Sally Field

Sally Field Photo


Date of Birth: November 6, 1946

Born in Pasadena, California, Sally Field was the daughter of actress Margaret Field, who is perhaps best known to film buffs as the leading lady of the sci-fi The Man From Planet X (1951). Sally's stepfather was an actor/stuntman, who, despite a certain degree of alienation between himself and his stepdaughter, was the principal influence in her pursual of an acting career. Active in high school dramatics, Sally bypassed college to enroll in a summer acting workshop at Columbia studios. Her energy and determination enabled her to win, over hundreds of other aspiring actresses, the coveted starring role on the 1965 TV series Gidget. Gidget lasted only one season, but Sally had become popular with teen fans and in 1967, was given a second crack at a sitcom with The Flying Nun; this one lasted three seasons and is still flying around in reruns.

Sally made her film debut in The Way West (1967), but was more or less ignored by moviegoers over the age of 21. Juggling sporadic work on stage and TV with a well-publicized first marriage, Sally set about shedding her "perky" image in order to get more substantial parts. Good as she was as a reformed junkie in the 1970 TV movie Maybe I'll Come Home in the Spring, by 1972 Sally was mired again in the world of sitcoms with the short-lived weekly The Girl With Something Extra.

Freshly divorced and with a new agent (she fired her previous agent on the spot when he told her she wasn't good enough for movies), she tried to radically alter her persona with a nude scene in the 1975 film Stay Hungry, resulting in little more than embarrassment for all concerned. Finally in 1976, Sally proved her mettle as an actress in the TV movie Sybil, winning an Emmy for her virtuoso performance as a woman suffering from multiple personalities stemming from childhood abuse.

Following this triumph, Sally entered into a long romance with Burt Reynolds, working with the actor in numerous films that were short on prestige but long on box office appeal.

By 1979, Sally found herself in another career crisis: now she had to rid herself of the "Burt Reynolds' girlfriend" image. She did so with her powerful portrayal of a small-town union organizer in Norma Rae (1979), for which she earned her first Academy Award. At last taken completely seriously by fans and industry figures, Sally spent the next four years in films of fluctuating merit (she also ended her relationship with Reynolds and married again), rounding out 1984 with her second Oscar for Places in the Heart.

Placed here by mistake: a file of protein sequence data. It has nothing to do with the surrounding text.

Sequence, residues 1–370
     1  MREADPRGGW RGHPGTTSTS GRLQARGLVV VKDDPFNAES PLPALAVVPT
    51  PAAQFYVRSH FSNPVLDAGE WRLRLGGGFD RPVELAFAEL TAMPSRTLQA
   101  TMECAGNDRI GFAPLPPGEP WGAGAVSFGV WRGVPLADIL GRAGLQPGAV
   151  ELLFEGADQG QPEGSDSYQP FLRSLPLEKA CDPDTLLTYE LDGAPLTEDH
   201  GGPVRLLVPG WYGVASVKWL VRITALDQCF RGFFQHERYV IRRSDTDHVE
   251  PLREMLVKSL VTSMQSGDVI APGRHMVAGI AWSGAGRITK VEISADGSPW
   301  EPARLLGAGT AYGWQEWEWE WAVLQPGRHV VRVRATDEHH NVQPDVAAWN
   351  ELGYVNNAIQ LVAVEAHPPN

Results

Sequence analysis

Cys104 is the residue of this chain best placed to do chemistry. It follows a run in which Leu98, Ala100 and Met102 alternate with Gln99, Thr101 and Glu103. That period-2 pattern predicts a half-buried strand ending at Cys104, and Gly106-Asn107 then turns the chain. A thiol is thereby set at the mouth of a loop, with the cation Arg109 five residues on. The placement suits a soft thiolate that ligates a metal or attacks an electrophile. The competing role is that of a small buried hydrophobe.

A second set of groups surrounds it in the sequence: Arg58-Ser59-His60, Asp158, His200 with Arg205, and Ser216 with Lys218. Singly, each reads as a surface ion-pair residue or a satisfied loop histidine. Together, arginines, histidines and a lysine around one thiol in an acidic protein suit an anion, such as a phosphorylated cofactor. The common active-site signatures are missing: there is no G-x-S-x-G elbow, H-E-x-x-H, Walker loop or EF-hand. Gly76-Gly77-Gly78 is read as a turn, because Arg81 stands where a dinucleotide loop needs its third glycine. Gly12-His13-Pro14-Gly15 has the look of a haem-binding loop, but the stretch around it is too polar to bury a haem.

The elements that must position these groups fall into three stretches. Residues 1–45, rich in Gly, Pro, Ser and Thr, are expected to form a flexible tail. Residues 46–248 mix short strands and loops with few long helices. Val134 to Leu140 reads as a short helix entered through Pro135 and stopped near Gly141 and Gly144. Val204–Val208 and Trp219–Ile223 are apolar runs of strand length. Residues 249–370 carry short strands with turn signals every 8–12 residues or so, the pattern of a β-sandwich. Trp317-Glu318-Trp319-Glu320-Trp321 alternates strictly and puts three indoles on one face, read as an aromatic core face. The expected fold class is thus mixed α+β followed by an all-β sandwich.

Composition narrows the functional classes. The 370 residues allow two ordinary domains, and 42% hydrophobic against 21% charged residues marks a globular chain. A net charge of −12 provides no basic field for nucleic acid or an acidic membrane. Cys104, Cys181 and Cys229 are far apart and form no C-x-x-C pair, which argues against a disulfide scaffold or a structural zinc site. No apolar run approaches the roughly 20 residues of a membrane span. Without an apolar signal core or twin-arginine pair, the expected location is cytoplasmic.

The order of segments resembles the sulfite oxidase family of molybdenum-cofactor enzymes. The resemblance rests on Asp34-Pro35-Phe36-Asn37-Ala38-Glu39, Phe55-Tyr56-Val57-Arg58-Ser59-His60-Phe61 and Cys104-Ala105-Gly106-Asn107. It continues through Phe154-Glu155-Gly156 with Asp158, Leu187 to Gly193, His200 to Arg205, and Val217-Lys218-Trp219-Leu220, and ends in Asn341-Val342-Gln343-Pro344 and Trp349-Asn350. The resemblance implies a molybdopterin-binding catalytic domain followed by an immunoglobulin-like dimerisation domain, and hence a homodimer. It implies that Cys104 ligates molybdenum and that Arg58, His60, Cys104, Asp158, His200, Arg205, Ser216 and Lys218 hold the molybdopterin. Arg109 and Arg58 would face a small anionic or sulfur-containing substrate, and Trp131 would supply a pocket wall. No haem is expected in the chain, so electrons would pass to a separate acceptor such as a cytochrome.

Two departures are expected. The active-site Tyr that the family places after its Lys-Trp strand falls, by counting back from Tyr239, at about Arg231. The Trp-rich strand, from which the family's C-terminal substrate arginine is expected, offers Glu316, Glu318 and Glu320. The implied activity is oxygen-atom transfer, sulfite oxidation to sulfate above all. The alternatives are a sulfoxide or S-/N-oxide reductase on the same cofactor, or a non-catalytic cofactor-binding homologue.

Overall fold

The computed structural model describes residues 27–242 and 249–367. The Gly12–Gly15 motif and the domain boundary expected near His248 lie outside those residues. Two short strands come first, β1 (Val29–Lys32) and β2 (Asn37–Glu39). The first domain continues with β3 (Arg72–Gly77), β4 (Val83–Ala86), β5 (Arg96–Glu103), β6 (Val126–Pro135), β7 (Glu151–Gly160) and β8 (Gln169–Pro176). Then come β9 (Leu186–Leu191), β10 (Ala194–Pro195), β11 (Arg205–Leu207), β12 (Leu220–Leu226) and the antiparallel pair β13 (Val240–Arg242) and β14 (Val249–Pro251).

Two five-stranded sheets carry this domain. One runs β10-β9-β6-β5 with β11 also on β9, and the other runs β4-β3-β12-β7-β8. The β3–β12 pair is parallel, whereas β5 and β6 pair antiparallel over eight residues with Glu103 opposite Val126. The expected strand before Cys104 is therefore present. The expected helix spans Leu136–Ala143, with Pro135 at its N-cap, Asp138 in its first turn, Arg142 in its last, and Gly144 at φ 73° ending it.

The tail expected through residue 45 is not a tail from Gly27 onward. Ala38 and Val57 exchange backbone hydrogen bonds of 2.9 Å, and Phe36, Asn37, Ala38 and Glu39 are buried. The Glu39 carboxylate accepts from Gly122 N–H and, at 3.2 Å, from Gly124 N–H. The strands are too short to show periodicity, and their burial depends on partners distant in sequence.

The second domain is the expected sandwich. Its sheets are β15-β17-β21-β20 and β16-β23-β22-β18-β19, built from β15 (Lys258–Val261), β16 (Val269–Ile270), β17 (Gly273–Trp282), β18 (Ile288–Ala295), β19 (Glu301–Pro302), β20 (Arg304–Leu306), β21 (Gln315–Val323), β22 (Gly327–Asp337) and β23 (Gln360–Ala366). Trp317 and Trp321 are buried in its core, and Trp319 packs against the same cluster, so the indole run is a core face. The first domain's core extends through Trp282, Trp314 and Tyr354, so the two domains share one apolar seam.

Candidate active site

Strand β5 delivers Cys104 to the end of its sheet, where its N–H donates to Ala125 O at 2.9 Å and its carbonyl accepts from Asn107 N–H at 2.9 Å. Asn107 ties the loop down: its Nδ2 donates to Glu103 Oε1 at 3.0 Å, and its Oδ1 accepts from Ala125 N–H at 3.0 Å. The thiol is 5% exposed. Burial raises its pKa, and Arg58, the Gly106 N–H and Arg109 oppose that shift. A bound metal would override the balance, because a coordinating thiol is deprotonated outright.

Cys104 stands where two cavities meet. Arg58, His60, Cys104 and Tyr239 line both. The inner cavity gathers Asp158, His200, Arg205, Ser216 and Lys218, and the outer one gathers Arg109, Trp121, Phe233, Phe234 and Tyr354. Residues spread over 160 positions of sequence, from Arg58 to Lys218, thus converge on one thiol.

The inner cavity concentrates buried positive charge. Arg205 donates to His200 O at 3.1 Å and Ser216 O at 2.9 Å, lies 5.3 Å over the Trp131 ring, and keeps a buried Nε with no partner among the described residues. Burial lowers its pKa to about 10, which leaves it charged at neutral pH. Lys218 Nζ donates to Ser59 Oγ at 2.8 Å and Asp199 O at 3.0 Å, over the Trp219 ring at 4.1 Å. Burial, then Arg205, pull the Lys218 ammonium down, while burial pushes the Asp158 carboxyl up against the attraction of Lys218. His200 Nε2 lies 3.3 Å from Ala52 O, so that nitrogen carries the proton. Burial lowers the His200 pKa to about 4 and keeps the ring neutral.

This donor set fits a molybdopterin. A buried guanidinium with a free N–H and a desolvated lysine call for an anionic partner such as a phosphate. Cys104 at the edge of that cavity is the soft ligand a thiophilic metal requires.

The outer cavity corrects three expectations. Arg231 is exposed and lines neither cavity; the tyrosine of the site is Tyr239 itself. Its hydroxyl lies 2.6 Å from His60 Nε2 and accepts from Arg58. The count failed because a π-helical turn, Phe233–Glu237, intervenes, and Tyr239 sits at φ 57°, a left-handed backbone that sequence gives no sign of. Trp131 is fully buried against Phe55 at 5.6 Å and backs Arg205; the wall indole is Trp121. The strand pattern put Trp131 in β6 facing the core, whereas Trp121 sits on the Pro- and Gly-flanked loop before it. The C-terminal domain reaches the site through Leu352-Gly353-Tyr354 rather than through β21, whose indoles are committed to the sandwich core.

It was at the 1985 Academy Awards ceremony that Sally earned a permanent place in the lexicon of comedy writers, talk show hosts and impressionists everywhere by reacting to her Oscar with a tearful "You LIKE me! You REALLY LIKE me!"

Few liked her in such subsequent missteps as Surrender (1987) and Soapdish (1991), but Field was able to intersperse them with winners such as the 1989 weepie Steel Magnolias and the Robin Williams drag extravaganza Mrs. Doubtfire (1993). Sally found further triumph as the doggedly determined mother of Tom Hanks in the 1994 box-office bonanza Forrest Gump, which, in addition to mining box office gold, also mangaged to pull in a host of Oscars and various other awards.

Following Gump, Sally turned her energies to ultimately less successful projects, such as 1995's Eye for an Eye with Kiefer Sutherland and Homeward Bound II: Lost in San Francisco (1996). She also did some TV work, most notably in Tom Hanks' acclaimed From the Earth to the Moon miniseries (1998), then returned to the big screen for a supporting role in the box office flop Where The Heart Is (2000), then took on a role in the dreadful Say It Isn't So (2001), which was lambasted by critics. When Sally took on a recurring role in the ABC TV series The Court, her return to series television was much heralded, but the show lasted only one season. She once again returned to the big screen with a starring role in the sequel to the hit film Legally Blonde, opposite Reese Witherspoon.

Sally has continued to enjoy a successful acting career both on television and in feature films. She had recurring roles on the series ER (2000 to 2006) and Brothers & Sisters (2006 to 2011). She was seen as Aunt May in the reboot blockbuster The Amazing Spider-Man (2012). For her role as First Lady Mary Todd in the biographical drama Lincoln (2012), Sally received her third Academy Award nomination. She returned to play Aunt May in The Amazing Spider-Man 2 (2014). She starred as a woman in her sixties who falls for a much younger man in the charming comedy/drama Hello, My Name is Doris (2016).

Her credits also include the horror comedy Little Evil (2017) starring alongside Adam Scott and Evangeline Lilly.

In addition, her services were retained for the Netflix movie Maniac (2018), featuring Jonah Hill and Emma Stone.

Twice divorced, Sally has two sons, Peter and Eli, from her first marriage and one son, Samuel, from her second.

Filmography (actress):

Hello, My Name is Doris (2016)
The Amazing Spider-Man 2 (2014)
Lincoln (2012)
The Amazing Spider-Man (2012)
Two Weeks (2006)
Legally Blonde 2: Red, White & Blonde (2003)
Say It Isn't So (2001) Where the Heart Is (2000)
A Cooler Climate (1999)
Homeward Bound II: Lost in San Francisco (1996) (voice)
Eye for an Eye (1996)
Forrest Gump (1994)
Homeward Bound: The Incredible Journey (1993) (voice)
Mrs. Doubtfire (1993)
Soapdish (1991)
Not Without My Daughter (1991)
Twisted Justice (1990)
Steel Magnolias (1989)
Punchline (1988)
Surrender (1987)
Murphy's Romance (1985)
Places in the Heart (1984)
Kiss Me Goodbye (1982)
Absence of Malice (1981)
Back Roads (1981)
Smokey and the Bandit II (1980)
Beyond the Poseidon Adventure (1979)
Norma Rae (1979)
The End (1978)
Hooper (1978)
Smokey and the Bandit (1977)
Heroes (1977)
Stay Hungry (1976)
The Way West (1967)

Filmography (director):

Beautiful (2000)